ACLU releases letter to Gov. Rick Scott asking for end to sales of driving records, Gov's office says not happening
The Times/Herald wrote on Tuesday about the ACLU's opposition to the state selling the personal information of Florida's 15.5 million licensed drivers to legal vendors.
The ACLU of Florida wrote Gov. Rick Scott a letter Friday asking him to end the sales. The group concedes that the practice is legal but deems it a long-running violation of privacy. They say Scott has the power to stop it.
The Department of Highway Safety and Motor Vehicles made $73 million from July 1, 2010, to June 30, 2011, by selling drivers license information to private companies.
The Times/Herald didn't hear back from the governor's press office until after the story was published. Spokesman Lane Wright said Scott would not end the practice because Florida is bound by the federal Driver Privacy Protection Act, which creates exemptions for companies like LexisNexis and ShadowSoft. Companies that meet the exemptions are not allowed to use the information for marketing and advertising purposes.
"That's what the federal law is," Wright said. "That's what we're following."
Here's the letter:
July 22, 2011
Dear Governor Scott,
The Florida Department of Highway Safety and Motor Vehicles continues to sell the personal information of Florida drivers without their knowledge or permission.
The American Civil Liberties Union of Florida asks you to immediately direct Julie L. Jones, Executive Director of the Department of Highway Safety and Motor Vehicles, to discontinue the mass sale of personal driver license information such as home address, age, gender and identifying driver’s license number.
All Floridians, including drivers, have an expectation of privacy. Selling personal data without notice or permission violates that expectation. Florida drivers do not give their personal, identifying information to the state so it can be sold and re-sold to private companies.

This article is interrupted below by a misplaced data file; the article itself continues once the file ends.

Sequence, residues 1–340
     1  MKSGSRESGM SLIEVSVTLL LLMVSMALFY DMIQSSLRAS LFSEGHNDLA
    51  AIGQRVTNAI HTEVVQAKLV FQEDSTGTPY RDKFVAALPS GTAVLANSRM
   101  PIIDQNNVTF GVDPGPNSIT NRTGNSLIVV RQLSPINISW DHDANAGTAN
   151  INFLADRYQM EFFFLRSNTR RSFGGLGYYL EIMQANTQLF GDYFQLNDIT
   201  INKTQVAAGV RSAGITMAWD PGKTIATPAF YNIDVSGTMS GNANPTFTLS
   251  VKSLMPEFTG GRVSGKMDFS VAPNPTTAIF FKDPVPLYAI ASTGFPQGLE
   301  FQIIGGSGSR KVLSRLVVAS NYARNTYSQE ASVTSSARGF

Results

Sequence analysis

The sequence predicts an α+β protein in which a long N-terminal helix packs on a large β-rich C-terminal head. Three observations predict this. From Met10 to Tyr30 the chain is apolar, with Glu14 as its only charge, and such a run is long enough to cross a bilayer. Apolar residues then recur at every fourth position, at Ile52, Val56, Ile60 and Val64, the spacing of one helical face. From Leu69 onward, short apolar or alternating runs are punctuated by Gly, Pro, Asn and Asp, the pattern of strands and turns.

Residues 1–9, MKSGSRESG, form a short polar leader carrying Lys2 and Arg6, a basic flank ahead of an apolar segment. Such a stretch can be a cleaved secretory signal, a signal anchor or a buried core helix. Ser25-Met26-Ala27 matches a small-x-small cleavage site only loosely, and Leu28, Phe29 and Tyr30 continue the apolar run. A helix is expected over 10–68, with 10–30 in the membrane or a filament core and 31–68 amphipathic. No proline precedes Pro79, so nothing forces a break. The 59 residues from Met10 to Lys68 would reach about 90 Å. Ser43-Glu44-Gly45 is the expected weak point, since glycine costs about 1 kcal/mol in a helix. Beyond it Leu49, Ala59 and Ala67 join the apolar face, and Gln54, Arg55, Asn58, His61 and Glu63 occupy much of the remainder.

Although courts have deemed the sale of some driver’s license information permissible under the Driver Privacy Protection Act, no law requires the state to do what your administration is currently doing – putting our personal data on the open information market.
As Governor, you should protect our personal information, not sell it.
Since the corporations that buy this personal data from the state are permitted to re-sell the information they acquire, the personal information of millions of Florida drivers is made available to third party purchasers with no official oversight. Even if it was sold legally the first time, Floridians have little assurance that information about them will be used appropriately or legally by future buyers.
The policy and practice of the state of making personal data available to private buyers, which your administration is continuing, puts every Florida driver at risk of becoming a victim of identity theft or fraud.
Perhaps most importantly, Floridians should be able to trust that their elected and appointed leaders will protect and honor their security and privacy. Your administration undermines that trust by continuing to allow the transfer of personal information such as home addresses and gender to those who are willing to pay for it.
We believe, and a great many Floridians agree, that no financial incentive can reasonably justify the invasion of privacy that results from the state selling such personal information.
Just because the state can do something, does not mean the state should do it.
We ask that you direct the Department of Highway Safety and Motor Vehicles to end its contracts to sell the personal information of Florida drivers, not approve any future sales of this information and immediately put notifications and safeguards in place to ensure the information the state has already sold is safe and being used legally.
In short, we ask that you, Governor Scott, end the practice of effectively selling our privacy to private companies.
Thank you for your consideration,